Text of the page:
Part of DND/CAF's problems is the intersection of the two. EPMs should not be military. ADMs, which are departmental, not CAF, should not have 2* Chiefs of Staff merely to give some poor branches a "thanks for coming out" GOFO position.
Lots of organizations in DND do need military expertise for input, but bureaucratic expertise to advance the requirements. A rotating cast of military personnel slows progress immeasurably - you either get "the streamer posted in for a year to get a tick in the box who never understands it who causes more harm than good by trying to leave his mark" or "Bottom of the bottom third abandoned for years and ignored by peers".
In trying to do too much of the Departmental administration, the CAF loses focus and starts to adopt damaging, MBA type mindsets.
For example: the CAF needs cooks who can plan and execute balanced meal plans based on available ingredients. Thus every base was different, and the senior cooks got the experience they need for when they deploy. Today, instead, we've adopted a national standardized menu. More efficient (less costly), but our cooks no longer practice their necessary skills for operational employment. Or the tale that at a Qualification Standard writing board, an airfield engineer was adamant that they could cut all that useless airfield battle damage repair material, because they never did it in their day to day work.
The CAF focus needs to be on delivering military capability to meet the needs of the government; the DND focus needs to be on managing the systems to support that. When the CAF has too many managerial jobs, those behaviours become incentivized, to the detriment of the CAF.
On the flip side, a bunch of defence scientists in the US set the performance requirements for one of the recent generation of US kevlar helmets. Ballistic requirements, comfort for extended wear, etc were all based on state of the art knowledge at the time. Bunch of prototypes were built, did great at stopping bullets and every single one of them broke during the field testing, because no one thought to consider the normal things the troops were used to doing with the helmets like use them as improptu seats.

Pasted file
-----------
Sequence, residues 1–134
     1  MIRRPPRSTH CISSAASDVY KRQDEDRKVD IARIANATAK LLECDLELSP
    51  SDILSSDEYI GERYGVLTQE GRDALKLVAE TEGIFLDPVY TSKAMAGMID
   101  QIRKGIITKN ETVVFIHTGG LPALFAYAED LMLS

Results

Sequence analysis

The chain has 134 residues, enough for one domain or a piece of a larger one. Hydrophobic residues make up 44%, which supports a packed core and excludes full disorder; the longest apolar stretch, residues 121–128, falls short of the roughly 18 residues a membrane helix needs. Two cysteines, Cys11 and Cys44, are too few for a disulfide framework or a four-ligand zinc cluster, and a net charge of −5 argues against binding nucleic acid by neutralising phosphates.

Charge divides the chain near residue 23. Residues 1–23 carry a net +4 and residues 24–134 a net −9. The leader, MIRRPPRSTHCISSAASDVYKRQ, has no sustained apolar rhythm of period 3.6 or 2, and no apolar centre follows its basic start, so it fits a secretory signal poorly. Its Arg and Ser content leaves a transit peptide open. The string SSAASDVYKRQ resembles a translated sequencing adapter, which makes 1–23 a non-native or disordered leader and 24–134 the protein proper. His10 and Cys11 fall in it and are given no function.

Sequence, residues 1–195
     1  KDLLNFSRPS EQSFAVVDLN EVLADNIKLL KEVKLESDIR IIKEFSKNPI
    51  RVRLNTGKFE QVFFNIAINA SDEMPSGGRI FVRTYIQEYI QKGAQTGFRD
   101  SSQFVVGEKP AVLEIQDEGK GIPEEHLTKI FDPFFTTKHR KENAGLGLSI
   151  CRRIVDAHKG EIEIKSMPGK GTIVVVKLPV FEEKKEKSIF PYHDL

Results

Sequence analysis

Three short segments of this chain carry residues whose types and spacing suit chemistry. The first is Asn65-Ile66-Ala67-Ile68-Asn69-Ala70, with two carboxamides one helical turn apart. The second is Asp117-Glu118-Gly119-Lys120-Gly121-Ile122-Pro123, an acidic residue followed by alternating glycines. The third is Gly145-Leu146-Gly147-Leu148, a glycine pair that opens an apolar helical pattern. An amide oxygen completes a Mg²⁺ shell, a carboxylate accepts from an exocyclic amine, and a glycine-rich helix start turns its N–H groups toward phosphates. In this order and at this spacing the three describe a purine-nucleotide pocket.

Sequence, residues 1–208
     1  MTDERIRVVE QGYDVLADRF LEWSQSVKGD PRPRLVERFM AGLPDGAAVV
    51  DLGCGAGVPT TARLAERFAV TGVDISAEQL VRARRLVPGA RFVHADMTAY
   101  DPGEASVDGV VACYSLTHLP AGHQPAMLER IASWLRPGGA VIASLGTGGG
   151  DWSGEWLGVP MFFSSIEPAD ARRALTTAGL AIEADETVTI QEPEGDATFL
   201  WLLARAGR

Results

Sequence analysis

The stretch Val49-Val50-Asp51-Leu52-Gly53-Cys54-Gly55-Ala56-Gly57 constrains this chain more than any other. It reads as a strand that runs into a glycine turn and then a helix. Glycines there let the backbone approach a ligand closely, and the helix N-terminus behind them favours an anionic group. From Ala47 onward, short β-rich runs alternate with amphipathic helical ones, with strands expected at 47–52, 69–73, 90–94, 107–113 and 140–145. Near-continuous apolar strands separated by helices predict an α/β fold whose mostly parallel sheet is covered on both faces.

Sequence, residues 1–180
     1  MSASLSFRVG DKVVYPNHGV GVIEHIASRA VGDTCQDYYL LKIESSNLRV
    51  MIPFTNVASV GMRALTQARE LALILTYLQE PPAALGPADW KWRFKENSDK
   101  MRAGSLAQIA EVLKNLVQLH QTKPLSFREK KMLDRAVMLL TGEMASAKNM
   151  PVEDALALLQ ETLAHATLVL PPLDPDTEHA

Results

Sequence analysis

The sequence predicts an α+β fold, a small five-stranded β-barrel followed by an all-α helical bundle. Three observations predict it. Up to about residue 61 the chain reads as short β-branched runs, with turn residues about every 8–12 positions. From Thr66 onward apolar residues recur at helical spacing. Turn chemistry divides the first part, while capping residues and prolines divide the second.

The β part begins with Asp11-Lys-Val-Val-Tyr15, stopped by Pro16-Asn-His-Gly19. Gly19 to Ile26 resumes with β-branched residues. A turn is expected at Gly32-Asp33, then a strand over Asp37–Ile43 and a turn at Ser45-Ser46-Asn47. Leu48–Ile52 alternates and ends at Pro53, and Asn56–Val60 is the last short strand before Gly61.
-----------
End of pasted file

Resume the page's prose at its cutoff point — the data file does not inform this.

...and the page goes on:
Our ADM(Mat) orgs are a mix of civvie and military; you get the mix of people who have actually used them for practical considerations, and you also get some outside ideas coming in for different ways to do things. That helps us usually avoid things not being fit for purpose because we didn't think of how they may actually be used (outside what a textbook says).
Generally speaking I can't really think of any streamers that just bounced in and out of MEPM; there are plenty of high profile jobs there, but it's also recognized that you need that continuity, so postings of 2-3 years is the norm (with some extending longer if it makes sense). On the technical support side (for the Navy anyway), there is a lot of work between the EPM and the formations to keep things together, so having people with experience on both sides is really important, and something we would lose if it was all military. Also gives us flexibility to put extra horsepower into critical areas as required and re-role people easily, so having a uniform doing effectively a civilian job is a big advantage when you are putting out fires (and we're cheaper for the SWE). There is a lot of politics to moving civvies around that you just don't have with military, so gives us a bit of agility that we wouldn't have otherwise.
Agree with the MBA approach having problems, and the other issues, but it's not really a simple all/nothing approach, and there's a lot of stupid things we do, (like give promotion points for 'breadth of experience' that encourages job bouncing) that add to it as well. Maybe if making things run smoothly was equally as valued as 'promoting change' that would kill a lot of the good idea fairy initiatives.
COS Mat is a lot more then what you are making it out to be, and there is a good reason they tend to go into 3* jobs or pull the pin and become an ADM. I'm not sure who the last ADM(Mat) without time in uniform, but when they are responsible for every single bit of kit in the CAF, just makes sense to maintain that civilian/military mix throughout the whole organization. If nothing else people in uniform is a very easy way to remind people that they aren't just buying widgets, and makes sure there is a small pool of people that could step into the role with confidence. It's an absolutely critical job, and if you think our procurement record and funding levels are bad now, just imagine if we had a less then stellar ADM that was getting pushed around by TBS and others.